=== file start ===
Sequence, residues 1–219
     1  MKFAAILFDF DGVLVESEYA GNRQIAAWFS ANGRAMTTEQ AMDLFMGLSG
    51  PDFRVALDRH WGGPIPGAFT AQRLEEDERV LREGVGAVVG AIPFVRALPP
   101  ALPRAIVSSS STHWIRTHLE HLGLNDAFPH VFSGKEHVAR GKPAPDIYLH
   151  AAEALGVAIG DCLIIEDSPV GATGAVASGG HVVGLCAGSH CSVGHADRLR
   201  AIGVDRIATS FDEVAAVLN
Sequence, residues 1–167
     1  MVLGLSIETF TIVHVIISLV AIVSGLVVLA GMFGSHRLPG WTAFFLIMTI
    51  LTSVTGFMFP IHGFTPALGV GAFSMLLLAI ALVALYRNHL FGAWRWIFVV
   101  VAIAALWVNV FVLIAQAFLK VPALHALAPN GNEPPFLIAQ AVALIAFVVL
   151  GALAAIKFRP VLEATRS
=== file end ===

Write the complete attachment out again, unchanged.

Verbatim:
Sequence, residues 1–219
     1  MKFAAILFDF DGVLVESEYA GNRQIAAWFS ANGRAMTTEQ AMDLFMGLSG
    51  PDFRVALDRH WGGPIPGAFT AQRLEEDERV LREGVGAVVG AIPFVRALPP
   101  ALPRAIVSSS STHWIRTHLE HLGLNDAFPH VFSGKEHVAR GKPAPDIYLH
   151  AAEALGVAIG DCLIIEDSPV GATGAVASGG HVVGLCAGSH CSVGHADRLR
   201  AIGVDRIATS FDEVAAVLN
Sequence, residues 1–167
     1  MVLGLSIETF TIVHVIISLV AIVSGLVVLA GMFGSHRLPG WTAFFLIMTI
    51  LTSVTGFMFP IHGFTPALGV GAFSMLLLAI ALVALYRNHL FGAWRWIFVV
   101  VAIAALWVNV FVLIAQAFLK VPALHALAPN GNEPPFLIAQ AVALIAFVVL
   151  GALAAIKFRP VLEATRS